Is Red Alert 3 on PS3 the "ultimate console RTS experience", as EA has claimed? Does it have better graphics and improved performance compared with the PC and Xbox 360 versions? Does it take "full advantage" of Blu-ray? Now that the game's out, some six months after it was released on the PC and Xbox 360, it's time to put those lofty claims to the test.
But first a refresher: RA3 is the sequel to the much-loved PC RTS RA2, released eight years ago. It's a game that stays true not only to the series' camp, B-movie style but also to the tried and trusted RTS fundamentals pioneered by the likes of the original Command & Conquer developer Westwood Studios back in the early to mid 90s. And so, what we have here, despite the length of time developer EA Los Angeles has had to think about it, is a game that's more of the same. Sure, the graphical overhaul impresses in parts, with perhaps the best-looking water ever seen in an RTS, the campaign, built from the ground up to be played co-operatively, is loads of fun with a friend, and the implementation of a third race, the Empire of the Rising Sun, perhaps the most stereotypical Western representation of the Japanese ever seen in a video game, is a cool move, but, essentially, Red Alert 3 is Red Alert 2 with bells, whistles, and extra cleavage.
Even if you're not a fan of the Red Alert franchise you'll probably be aware of its core philosophies. Traditional RTS action is broken up by live action clips where actors talk to the camera as if talking to you, the player, a commander in one of the three race's armies. Rather disappointingly, these clips steal the show somewhat from the gameplay, and that's despite the fact that they are utterly, utterly crap.
Which fits perfectly with the camp, over the top, tits and bum obsessed Red Alert world. In one clip, Tim Curry, who plays an ambitious Russian general in the Soviet army, stares at his female assistant's arse as she walks away from his table, then turns to the camera with an eyebrow raised and an adolescent smirk on his face. Glamour model Gemma Atkinson, of Hollyoaks and I'm a Celebrity Get Me Out Of Here! fame, plays an English rose Allied commander with an accent that switches mid-sentence between Keira Knightley and North-Western chav. She's got a crush on you throughout the whole Allied campaign, and offers smiles and shy blushes in every scene. Mr. Sulu (aka George Takei), plays perhaps the most stereotypical Japanese Emperor ever seen, not only in a video game, but in film, TV and everything.
The alternative history plot is equally hilarious. The Soviets, nearing defeat, develop a time travelling machine and go back and assassinate Albert Einstein, believed to be the chief architect behind Allied technology, before he's able to make his mark. Back in the present, the Soviets discover that Einstein's assassination has lead to the emergence of a third military power - the Empire of the Rising Sun, which proceeds to take out all of its samurai skills on Tim Curry's astonishing goatee.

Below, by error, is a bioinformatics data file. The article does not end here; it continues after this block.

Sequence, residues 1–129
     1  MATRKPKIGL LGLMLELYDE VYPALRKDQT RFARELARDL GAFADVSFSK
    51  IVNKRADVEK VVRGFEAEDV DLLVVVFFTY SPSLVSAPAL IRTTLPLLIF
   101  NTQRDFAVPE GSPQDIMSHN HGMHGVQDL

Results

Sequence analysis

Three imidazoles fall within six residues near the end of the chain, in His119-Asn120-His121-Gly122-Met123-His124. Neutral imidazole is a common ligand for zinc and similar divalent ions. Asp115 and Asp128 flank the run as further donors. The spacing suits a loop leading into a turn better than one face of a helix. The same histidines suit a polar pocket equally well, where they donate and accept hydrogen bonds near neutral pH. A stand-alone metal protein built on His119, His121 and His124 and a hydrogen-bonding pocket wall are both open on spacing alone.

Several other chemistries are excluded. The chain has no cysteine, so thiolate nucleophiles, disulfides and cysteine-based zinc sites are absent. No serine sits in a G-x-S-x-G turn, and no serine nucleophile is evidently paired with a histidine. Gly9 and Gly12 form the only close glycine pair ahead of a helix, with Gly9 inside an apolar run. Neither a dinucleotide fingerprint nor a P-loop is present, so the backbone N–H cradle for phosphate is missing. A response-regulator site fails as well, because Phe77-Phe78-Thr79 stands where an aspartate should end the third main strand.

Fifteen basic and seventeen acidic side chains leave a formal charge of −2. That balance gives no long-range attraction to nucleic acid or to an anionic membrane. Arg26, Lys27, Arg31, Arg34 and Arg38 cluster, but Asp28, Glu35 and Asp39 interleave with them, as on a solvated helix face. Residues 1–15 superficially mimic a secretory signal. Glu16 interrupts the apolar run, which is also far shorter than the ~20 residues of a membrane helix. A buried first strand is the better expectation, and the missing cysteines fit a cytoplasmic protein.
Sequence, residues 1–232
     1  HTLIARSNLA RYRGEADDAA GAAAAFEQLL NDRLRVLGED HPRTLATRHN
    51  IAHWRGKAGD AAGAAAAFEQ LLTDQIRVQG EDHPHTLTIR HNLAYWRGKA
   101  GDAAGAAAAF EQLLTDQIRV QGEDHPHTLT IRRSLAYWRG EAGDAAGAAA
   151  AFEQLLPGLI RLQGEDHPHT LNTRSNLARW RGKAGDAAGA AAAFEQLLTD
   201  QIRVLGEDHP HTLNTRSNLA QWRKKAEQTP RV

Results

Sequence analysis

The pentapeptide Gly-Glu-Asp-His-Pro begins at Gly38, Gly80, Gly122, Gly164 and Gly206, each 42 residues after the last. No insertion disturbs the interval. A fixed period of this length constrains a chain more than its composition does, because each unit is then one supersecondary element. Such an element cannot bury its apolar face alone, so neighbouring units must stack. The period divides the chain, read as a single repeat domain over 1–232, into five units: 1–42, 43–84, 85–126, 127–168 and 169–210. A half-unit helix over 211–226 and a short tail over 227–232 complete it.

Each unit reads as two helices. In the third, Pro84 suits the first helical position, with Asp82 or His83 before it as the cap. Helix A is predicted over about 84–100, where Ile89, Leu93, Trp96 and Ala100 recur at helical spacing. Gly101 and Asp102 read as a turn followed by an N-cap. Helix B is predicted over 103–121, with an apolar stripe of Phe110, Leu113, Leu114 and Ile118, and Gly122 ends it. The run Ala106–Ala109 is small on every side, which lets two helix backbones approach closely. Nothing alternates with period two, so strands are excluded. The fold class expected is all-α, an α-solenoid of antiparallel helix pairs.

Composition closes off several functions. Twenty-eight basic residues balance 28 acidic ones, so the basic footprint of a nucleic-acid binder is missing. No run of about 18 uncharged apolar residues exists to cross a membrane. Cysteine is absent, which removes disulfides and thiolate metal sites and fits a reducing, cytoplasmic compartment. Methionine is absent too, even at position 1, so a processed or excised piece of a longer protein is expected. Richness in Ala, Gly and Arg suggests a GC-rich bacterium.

Strip all that fluff away and what you're left with is a complicated, hardcore RTS experience that's good fun, extremely polished and, at its best, a blast. Every mission in the three campaigns has been designed to be played with a friend. Do this and you're going to have a good time. Play with an AI co-commander and the fun factor is diminished somewhat, but it rarely frustrates, and you can boss about your computer controlled mate via four general commands.
On PS3, as with all console real-time strategy games, the most important thing is how intuitive RA3 is to play given you're fiddling about with a joypad and not a mouse and keyboard. Here, EALA has further iterated on the radial Command Stick interface it's been honing for a few years now in the Xbox 360 versions of Command & Conquer 3: Tiberium Wars, expansion Kane's Wrath and Red Alert 3. It works like this: by pressing and holding R2 a radial menu appears in the centre of the screen. You're able to use the left thumb stick to navigate the menu, selecting structures and units to build with a press of the X button. You're able to do this from any point on the map, so you don't have to manually move the camera to your base, position the targeting reticule over it, select it with the X button then go from there. You can be monitoring a scrap in the corner of the map and order reinforcements without shifting an inch.